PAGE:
Laronde, a biotech startup backed by the venture firm that helped create Moderna Inc., raised $440 million in a financing round to develop new therapies using what it’s calling endless RNA.
Like the messenger RNA technology that powers vaccines from Moderna and other drugmakers, endless RNA can deliver detailed instructions to cells for making proteins. What makes eRNA different, Laronde executives say, is that its circular shape allows it to repeat its message over and over, for a more potent, lasting impact.
That key feature — the company’s name is the French word for “round” — could prevent the body from breaking it down quickly, making it an alluring candidate to treat diseases.
“As we saw with the pandemic, by having the code of the protein you want to make, you can make an mRNA pretty quickly,” said Avak Kahvejian, Laronde’s founding chief executive officer and a general partner at Flagship Pioneering Inc., the venture capital firm that established Moderna. “With eRNA, we can do the same.”
Also participating in the series B funding round are T. Rowe Price Associates, Invus Group LLC, the Canada Pension Plan Investment Board, Fidelity Investments and accounts managed by BlackRock Inc. The roster reflects the growing appetite among institutional investors and private equity firms to bet on science, and the prospect of big returns, in its earliest phases.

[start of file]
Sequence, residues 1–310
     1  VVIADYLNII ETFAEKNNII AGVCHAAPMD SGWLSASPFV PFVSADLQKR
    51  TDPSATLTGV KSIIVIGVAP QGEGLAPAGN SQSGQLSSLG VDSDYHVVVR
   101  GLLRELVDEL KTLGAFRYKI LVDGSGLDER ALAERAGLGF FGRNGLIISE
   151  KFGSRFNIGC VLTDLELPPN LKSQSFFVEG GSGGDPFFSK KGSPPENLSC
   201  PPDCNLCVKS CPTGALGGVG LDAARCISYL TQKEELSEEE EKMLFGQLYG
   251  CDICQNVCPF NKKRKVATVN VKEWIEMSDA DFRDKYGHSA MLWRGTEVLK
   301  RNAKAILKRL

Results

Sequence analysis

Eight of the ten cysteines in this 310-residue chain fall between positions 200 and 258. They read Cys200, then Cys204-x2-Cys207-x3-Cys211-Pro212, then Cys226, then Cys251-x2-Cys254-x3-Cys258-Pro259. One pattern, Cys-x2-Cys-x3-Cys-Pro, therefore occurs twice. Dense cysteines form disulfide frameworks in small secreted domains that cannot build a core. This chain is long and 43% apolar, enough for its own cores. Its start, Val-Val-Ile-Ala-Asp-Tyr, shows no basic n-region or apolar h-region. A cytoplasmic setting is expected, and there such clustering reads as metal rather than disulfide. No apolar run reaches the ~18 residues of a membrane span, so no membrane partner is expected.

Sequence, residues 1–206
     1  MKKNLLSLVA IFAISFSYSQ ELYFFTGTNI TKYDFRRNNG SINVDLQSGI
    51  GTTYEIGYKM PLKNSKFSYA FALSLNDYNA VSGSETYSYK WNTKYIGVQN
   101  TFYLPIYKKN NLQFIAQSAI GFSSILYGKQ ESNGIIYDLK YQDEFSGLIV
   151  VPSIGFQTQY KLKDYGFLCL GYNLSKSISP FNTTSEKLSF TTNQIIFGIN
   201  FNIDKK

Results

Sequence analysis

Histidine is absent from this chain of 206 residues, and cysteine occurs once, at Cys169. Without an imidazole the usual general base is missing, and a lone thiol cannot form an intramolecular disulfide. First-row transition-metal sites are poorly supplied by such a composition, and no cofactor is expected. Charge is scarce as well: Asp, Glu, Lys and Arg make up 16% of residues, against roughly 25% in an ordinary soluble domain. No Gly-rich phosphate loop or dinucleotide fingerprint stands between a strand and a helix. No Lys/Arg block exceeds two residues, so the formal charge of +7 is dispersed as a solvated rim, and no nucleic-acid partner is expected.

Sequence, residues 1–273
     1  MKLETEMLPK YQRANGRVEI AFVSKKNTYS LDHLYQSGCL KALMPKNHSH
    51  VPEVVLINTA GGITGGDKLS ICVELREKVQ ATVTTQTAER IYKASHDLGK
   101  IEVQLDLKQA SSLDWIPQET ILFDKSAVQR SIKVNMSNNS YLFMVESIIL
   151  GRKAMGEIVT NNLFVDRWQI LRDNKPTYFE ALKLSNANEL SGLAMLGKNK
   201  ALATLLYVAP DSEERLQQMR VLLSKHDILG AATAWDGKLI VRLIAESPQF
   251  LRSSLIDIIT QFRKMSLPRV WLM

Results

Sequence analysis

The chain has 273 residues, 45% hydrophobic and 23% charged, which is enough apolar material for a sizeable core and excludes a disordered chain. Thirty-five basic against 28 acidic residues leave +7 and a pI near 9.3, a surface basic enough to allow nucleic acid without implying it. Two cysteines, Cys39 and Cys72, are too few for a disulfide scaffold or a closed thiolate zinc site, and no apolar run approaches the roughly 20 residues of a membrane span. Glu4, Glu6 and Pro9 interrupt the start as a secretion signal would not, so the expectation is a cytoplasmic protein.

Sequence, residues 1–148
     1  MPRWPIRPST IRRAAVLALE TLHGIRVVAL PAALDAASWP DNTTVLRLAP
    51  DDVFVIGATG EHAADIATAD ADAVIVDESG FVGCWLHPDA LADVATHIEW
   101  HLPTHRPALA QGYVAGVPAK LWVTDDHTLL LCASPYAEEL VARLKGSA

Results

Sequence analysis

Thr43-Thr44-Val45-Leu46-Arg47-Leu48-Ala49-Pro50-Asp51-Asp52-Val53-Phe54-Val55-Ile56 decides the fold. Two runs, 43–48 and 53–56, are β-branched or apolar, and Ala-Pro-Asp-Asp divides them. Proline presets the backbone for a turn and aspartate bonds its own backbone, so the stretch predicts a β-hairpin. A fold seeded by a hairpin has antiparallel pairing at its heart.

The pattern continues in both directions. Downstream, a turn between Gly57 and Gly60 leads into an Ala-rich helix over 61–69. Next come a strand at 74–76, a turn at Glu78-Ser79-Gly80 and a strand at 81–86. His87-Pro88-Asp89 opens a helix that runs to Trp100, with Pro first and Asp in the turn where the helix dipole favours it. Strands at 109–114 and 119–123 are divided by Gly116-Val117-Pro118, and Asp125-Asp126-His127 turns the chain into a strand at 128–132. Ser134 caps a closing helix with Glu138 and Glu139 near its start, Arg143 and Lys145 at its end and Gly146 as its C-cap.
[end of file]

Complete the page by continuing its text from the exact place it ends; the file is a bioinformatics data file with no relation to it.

“What struck me is that the opportunity set for eRNA is very, very large,” said Paul McCracken, managing director at Canada Pension Plan Investment Board, who reviewed early data shared by Laronde.
Laronde plans to use the money to hire staff and build a factory for clinical and commercial manufacturing. It was valued at $38 million in 2019, according to Pitchbook, and didn’t disclose its current valuation.
Like all early-stage biotech companies, Laronde’s ideas may not result in approved products. If successful, however, eRNA could become a completely new class of medicines, Kahvejian said.
The applications for the technology are broad, so the company will need to choose which make the most strategic sense, said Chief Executive Officer Diego Miralles. Laronde is still in the process of deciding which therapeutic areas to prioritize, he said.
Monoclonal antibodies are one type of treatment eRNA could replace, Miralles said. The therapy is made using large tanks and delivered to patients via infusion. By contrast, eRNA could deliver the code for a person’s body to produce the same outcome.
“That’s what’s potentially transformative,” Miralles said.
Cambridge, Massachusetts-based Laronde formally launched this year. It was originally formed in 2017 and incubated within Flagship. Just down the road, Orna Therapeutics Inc. is pursuing a similar approach with the backing of MPM Capital and biotech giants like Gilead Sciences Inc.’s Kite unit and Bristol Myers-Squibb Co.